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  • Revolver Question

    Is there a rule for wheel length to round length For eg a .22 .950 + - the wheel length would be ? 1 1/4 or 1 1/2" does it matter Or it based on over all looks of the finished gun

  • #2
    There is no rule. The Maximum possible over all length of the cartridge you intend to chamber the cylinder for, is going to dictate the minimum cylinder length. You can find some pretty short weird looking cylinders on competition revolvers, these days.

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    • #3
      Thanks rogee97 that was quick, thanks that confirmed my thoughts. couldn't find an answer on net so I'll go with looks

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      • #4
        Why would match pistols have short cylinders? Less head space and quicker to engage the rifling in the barrel?
        *** I always wanted a welding stinger that looked like the north end of a south bound chicken. Often my welds look like somebody pointed the wrong end of a chicken at the joint and squeezed until something came out. Might as well look the part.

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        • #5
          A good portion of hand gun competition, is speed oriented, matches are sometimes won or lost by fractions of a second. By shortening a cylinder you are also reducing the weight of the cylinder. A lighter cylinder Is thought to be easier to cycle fast, I have had short cylinders made out titanium, super light. Funny I was still the slowest kid on block.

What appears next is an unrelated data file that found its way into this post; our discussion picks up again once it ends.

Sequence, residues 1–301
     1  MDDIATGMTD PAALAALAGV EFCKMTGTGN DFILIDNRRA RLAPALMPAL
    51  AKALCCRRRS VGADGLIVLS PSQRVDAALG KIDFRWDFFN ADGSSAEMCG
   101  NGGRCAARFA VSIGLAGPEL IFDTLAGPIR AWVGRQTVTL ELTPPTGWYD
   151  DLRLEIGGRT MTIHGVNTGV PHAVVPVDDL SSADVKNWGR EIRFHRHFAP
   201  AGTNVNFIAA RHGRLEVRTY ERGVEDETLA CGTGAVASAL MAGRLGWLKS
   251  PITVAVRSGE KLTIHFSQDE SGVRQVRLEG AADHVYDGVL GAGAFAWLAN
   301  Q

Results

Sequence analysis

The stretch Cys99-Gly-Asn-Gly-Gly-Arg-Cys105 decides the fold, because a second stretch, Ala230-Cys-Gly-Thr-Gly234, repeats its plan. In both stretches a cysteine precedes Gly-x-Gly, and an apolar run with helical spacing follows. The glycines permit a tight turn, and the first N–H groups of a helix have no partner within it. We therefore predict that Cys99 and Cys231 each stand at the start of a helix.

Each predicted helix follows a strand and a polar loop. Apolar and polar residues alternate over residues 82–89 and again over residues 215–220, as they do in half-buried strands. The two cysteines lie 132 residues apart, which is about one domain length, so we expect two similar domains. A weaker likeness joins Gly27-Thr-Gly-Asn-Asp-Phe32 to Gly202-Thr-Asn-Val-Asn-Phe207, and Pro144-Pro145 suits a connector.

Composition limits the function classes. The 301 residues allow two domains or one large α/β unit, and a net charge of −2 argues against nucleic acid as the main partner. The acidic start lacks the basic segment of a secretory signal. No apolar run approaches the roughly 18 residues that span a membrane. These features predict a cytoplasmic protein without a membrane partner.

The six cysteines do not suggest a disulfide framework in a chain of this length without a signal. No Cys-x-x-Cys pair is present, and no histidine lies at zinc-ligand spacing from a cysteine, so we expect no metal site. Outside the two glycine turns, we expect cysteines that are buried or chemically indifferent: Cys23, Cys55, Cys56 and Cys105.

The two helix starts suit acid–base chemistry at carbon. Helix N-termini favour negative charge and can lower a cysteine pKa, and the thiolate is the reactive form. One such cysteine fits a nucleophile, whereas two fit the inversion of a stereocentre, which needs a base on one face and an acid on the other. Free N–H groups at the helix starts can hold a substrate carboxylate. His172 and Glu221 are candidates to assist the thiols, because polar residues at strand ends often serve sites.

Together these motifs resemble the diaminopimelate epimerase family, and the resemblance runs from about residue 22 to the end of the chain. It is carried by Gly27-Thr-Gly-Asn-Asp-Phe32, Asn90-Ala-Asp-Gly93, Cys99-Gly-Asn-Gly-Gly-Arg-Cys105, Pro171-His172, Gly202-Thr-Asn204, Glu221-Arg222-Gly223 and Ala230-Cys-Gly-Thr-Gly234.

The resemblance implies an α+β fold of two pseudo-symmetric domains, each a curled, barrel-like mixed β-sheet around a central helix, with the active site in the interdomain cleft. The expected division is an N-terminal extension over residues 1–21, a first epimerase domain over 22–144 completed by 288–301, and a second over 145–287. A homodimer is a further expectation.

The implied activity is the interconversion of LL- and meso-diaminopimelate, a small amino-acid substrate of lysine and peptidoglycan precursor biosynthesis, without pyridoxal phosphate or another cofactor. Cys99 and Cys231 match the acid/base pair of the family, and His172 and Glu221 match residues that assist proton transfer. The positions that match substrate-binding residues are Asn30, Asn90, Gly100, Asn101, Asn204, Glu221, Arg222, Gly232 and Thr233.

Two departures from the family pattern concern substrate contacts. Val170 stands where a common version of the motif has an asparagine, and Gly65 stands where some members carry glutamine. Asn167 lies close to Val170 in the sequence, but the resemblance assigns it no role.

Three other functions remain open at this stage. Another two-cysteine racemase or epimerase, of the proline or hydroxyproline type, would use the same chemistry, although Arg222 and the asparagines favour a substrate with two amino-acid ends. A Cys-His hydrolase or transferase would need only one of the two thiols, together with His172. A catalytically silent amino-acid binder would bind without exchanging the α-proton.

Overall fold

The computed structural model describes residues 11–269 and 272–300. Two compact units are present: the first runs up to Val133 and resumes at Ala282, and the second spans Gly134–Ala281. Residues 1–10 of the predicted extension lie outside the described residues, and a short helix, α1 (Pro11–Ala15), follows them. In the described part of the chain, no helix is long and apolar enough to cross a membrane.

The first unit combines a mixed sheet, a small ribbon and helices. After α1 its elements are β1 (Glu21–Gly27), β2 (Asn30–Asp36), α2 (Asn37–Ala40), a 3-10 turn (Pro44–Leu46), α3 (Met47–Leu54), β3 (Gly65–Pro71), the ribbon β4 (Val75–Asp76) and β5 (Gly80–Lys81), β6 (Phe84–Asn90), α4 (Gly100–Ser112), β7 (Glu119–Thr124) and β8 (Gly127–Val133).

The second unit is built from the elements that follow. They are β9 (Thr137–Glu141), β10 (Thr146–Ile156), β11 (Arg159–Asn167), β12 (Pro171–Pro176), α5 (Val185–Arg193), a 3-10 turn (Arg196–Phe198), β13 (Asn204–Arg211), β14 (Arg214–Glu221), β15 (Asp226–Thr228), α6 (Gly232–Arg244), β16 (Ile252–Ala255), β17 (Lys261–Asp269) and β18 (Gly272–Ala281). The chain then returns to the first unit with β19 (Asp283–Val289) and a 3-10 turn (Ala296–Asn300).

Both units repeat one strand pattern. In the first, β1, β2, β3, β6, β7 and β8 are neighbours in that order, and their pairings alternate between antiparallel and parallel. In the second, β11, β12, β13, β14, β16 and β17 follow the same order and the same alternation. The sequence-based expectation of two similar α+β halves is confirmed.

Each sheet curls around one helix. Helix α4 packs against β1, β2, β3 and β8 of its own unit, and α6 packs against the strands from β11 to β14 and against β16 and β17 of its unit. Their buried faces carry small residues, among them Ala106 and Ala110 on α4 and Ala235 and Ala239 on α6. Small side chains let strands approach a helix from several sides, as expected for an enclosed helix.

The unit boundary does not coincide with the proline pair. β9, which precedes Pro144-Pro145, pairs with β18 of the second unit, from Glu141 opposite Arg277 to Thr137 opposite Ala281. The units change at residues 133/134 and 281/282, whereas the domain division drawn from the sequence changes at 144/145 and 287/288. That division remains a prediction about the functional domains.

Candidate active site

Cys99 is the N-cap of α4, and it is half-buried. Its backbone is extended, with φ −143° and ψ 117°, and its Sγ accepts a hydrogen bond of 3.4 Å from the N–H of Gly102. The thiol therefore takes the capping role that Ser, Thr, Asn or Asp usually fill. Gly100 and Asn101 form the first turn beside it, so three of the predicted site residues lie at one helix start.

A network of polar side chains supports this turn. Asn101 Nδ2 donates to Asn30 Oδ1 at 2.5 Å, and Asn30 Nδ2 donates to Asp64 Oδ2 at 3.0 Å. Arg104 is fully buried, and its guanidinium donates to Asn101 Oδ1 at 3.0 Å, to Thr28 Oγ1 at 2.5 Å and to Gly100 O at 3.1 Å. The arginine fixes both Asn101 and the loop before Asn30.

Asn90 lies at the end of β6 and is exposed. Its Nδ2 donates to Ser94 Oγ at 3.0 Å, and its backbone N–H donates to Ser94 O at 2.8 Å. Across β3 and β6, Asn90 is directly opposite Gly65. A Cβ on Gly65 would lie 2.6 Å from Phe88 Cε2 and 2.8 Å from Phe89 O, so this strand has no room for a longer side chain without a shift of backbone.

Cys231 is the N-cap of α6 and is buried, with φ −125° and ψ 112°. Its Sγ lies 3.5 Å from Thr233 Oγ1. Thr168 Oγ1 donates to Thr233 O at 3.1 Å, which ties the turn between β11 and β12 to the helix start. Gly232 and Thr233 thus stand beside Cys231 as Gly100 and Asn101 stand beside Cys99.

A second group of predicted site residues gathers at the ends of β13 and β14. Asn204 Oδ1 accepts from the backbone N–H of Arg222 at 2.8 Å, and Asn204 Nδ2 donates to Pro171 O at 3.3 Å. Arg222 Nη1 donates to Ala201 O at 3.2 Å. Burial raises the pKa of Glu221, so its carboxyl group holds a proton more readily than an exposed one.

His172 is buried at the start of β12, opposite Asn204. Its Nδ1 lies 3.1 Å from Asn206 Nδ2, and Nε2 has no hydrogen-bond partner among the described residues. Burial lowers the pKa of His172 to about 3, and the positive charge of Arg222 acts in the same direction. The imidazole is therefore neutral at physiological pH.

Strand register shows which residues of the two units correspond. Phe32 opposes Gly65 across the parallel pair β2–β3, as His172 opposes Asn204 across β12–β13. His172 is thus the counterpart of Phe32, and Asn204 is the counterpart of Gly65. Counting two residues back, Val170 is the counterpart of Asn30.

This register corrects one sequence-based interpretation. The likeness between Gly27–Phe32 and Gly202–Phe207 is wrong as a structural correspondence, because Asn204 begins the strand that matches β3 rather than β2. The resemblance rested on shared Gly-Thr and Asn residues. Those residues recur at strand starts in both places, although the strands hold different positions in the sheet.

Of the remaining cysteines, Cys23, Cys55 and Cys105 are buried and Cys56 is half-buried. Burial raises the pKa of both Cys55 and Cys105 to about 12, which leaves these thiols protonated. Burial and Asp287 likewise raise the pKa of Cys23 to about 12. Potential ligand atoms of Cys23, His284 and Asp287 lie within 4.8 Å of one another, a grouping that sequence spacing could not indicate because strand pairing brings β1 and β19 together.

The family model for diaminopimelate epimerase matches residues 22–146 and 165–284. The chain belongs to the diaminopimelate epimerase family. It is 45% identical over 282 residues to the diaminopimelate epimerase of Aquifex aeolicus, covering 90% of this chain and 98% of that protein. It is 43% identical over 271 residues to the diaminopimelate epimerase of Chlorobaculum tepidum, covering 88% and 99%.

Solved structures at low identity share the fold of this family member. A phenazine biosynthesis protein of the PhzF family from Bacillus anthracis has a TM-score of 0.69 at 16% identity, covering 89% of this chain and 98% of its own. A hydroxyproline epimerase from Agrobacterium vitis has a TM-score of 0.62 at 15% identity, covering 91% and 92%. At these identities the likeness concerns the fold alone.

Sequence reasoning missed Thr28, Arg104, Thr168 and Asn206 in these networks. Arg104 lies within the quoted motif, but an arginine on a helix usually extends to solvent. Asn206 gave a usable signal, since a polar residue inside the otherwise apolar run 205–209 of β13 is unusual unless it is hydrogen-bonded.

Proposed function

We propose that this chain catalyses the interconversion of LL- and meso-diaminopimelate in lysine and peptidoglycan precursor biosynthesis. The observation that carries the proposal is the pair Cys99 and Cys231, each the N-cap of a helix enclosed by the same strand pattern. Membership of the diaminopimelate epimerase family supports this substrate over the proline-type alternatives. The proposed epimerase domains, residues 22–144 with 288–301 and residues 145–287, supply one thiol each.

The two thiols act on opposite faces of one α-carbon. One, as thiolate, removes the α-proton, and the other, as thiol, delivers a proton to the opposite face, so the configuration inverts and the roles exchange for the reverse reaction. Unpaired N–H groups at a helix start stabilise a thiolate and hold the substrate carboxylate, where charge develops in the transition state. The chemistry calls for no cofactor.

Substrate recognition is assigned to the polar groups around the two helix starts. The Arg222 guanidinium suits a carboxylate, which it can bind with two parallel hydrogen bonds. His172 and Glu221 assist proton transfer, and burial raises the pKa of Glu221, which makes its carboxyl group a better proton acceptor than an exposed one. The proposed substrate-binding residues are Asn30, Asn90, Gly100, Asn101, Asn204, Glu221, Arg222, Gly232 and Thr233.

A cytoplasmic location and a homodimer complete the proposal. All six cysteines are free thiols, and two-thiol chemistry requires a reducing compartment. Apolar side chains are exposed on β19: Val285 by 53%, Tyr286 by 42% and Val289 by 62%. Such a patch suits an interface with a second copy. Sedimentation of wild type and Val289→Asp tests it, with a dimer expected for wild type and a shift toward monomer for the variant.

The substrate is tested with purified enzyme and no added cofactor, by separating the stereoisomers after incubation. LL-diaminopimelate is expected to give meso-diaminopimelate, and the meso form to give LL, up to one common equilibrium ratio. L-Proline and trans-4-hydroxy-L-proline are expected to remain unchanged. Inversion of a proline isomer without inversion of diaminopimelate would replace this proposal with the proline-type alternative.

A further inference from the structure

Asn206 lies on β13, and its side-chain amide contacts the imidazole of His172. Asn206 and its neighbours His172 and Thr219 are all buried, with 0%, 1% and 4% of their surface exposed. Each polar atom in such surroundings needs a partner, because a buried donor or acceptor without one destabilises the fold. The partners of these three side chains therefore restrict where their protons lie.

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          • #6
            Another reason was to be able to set the barrel back in the frame far enough so the bullet was actually in the case and forcing cone at the same time. AKA: No Freebore! This was done to increase accuracy.

            wbldon

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            • #7
              Wibidon how does the cylinder rotate into battery won't the round tip hit the out side of the barrel

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              • #8
                Kiwi,

                Two things:
                First most cylinders are longer than the loaded round so you take down the cylinder length so the entire round is "just" inside the cylinder.
                Second, most target shooters use to shoot wad cutters that are loaded just barely longer than the brass so accuracy suffers when the cylinder is left full length as it will free bore for the distance from the case mouth to the forcing cone in barrel. To eliminate this free bore you cut the cylinder to just longer than the loaded round (you can't put a full length round in the gun as it will not allow you to turn the cylinder) then set the barrel back to allow the barrel to cylinder gap you want.

                Hope this answers your question....

                wbldon

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                • #9
                  Ahh I now understand the bullet is still in the case when entering the forcing cone on firing sorry a bit slow It's an age thing

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